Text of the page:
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New avalanche warning as Highland snow storms gather.

AN URGENT avalanche warning was issued to climbers in the Scottish Highlands yesterday - five days after four people died after being buried under tons of snow near Ben Nevis.

Yesterday's new warning, from the Scottish Avalanche Information Service, follows fresh falls of snow and strong south-westerly winds.

Experts say the danger is particularly acute in the Lochaber area - scene of Tuesday's tragedy.

There are new build-ups of snow in sheltered areas of the mountains and the avalanche hazard is said to be "considerable".

The SAIS also say that fresh snow and winds are expected overnight and during tomorrow.

Unstable accumulations of snow have formed on north, north-east and east facing slopes and gullies above 900 metres.

"Avalanches are likely in these areas," a spokesman for the service said.

In the Galloway Hills, a champion sheepdog who survived last weekend's hurricane in the freezing cold has been reunited with his owner. Whisp, a collie, was missing for five days in the wilds, in winds of up to 100mph.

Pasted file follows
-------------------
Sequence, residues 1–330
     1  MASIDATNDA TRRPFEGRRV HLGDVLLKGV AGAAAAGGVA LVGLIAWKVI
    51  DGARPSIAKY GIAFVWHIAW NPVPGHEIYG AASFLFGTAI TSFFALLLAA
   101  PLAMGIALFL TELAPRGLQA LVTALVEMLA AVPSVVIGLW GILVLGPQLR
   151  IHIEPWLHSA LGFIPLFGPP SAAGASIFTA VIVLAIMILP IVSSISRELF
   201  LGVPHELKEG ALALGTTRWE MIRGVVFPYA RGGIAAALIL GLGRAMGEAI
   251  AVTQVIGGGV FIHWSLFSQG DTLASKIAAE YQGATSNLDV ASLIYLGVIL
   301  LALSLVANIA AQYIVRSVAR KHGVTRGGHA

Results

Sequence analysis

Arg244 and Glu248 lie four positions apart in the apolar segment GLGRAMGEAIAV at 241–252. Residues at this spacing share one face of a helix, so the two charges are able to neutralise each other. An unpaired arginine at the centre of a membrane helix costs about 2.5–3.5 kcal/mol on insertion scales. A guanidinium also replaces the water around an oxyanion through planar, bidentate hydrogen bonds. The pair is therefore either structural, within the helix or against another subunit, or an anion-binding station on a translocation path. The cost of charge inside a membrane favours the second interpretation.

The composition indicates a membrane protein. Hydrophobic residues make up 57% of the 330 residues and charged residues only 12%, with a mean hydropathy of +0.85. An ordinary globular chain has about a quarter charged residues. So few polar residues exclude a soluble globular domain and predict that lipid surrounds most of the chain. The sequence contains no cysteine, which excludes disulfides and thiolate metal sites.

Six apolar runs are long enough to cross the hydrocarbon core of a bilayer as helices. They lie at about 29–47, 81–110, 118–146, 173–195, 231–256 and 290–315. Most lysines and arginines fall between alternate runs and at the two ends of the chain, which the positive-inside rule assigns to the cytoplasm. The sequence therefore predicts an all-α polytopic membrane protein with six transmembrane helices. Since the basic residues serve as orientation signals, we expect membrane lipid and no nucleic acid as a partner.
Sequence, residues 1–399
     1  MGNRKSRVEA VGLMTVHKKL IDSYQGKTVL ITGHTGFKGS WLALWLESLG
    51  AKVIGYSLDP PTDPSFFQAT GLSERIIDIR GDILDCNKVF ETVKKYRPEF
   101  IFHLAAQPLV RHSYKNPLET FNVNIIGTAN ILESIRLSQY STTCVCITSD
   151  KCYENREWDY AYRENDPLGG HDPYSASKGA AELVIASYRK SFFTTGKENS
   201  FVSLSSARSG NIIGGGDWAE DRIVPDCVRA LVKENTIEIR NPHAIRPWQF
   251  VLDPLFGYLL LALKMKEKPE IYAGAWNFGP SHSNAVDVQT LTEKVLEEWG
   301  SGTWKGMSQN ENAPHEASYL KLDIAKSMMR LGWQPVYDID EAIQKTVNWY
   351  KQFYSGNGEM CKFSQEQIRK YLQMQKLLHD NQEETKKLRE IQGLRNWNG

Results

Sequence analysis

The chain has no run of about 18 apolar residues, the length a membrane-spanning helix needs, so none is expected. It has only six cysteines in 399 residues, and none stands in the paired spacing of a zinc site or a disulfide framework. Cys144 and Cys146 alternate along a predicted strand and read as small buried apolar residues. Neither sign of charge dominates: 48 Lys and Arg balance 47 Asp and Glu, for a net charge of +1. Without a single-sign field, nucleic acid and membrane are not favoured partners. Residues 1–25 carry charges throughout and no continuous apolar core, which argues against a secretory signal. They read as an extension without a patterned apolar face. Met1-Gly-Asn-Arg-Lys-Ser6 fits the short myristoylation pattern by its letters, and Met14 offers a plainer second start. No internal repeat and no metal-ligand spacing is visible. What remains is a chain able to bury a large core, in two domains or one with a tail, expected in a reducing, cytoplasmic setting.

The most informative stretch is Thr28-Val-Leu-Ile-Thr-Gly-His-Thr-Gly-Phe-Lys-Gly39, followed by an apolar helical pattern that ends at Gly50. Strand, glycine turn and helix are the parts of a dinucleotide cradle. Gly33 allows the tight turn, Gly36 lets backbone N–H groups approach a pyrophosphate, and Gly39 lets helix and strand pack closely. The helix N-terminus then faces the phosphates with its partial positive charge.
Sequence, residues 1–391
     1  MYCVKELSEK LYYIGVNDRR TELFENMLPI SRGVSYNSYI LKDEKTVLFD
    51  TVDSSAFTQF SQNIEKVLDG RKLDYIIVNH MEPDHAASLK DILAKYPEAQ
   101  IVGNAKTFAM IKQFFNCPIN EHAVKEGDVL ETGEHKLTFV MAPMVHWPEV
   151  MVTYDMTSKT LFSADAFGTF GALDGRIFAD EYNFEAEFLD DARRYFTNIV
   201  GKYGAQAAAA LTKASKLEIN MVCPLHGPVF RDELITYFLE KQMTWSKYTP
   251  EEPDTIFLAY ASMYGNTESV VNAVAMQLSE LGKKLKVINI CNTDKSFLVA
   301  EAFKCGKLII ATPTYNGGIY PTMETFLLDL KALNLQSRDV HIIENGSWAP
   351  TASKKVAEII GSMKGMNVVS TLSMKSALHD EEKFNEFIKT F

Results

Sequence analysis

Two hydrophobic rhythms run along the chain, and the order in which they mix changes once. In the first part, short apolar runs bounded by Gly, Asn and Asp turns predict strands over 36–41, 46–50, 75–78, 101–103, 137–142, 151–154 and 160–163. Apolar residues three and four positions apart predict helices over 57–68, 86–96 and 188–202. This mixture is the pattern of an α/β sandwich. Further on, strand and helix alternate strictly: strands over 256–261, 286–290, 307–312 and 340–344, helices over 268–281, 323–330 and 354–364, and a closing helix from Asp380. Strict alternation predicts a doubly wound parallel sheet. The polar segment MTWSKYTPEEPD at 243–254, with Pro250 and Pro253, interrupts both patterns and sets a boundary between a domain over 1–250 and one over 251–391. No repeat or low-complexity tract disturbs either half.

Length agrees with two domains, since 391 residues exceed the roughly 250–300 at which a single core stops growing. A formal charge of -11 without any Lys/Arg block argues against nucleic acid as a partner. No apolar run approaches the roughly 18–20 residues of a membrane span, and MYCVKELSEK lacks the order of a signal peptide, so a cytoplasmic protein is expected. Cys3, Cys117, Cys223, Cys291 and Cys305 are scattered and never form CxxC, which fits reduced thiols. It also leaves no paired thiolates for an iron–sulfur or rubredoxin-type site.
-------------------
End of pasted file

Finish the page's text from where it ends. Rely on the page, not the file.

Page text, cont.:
Owner Peter Cole of South Liggate, Carsphairn, was on holiday in the South of England when his dog ran away.

Brian Fergusson, who was looking after Whisp and eight other collies for Cole, spent Christmas and the following days scouring the hills in the sub-zero temperatures and several inches of snow.

He and other locals on the search had almost given up hope when the frightened collie was spotted on a tiny island in the icy cold Water of Deugh at Carsphairn. Brian waded waist deep into the flooded river to pluck the freezing dog to safety.

In Bellshill, Lanarkshire, an off-duty police officer on a night-time fishing trip had to be airlifted to safety as flood waters threatened to engulf his tiny island refuge.

The officer was rescued by a Sea King helicopter after 14 hours stranded on the island.

He rang for help on a mobile phone and at first light yesterday the helicopter alerted from HMS Gannet found him. An ambulance sped him to Law Hospital, Carluke. He was later allowed home.

A 22-year-old woman was in a "serious but stable" condition in Victoria Infirmary, Glasgow, last night after being hit by a police car in the south side of Glasgow in the early hours of New Year's Day. Jane Edminston, of Priesthill Glasgow, suffered internal, head, pelvic and arm injuries.
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Publication:Sunday Mirror (London, England)
Date:Jan 3, 1999
Words:391
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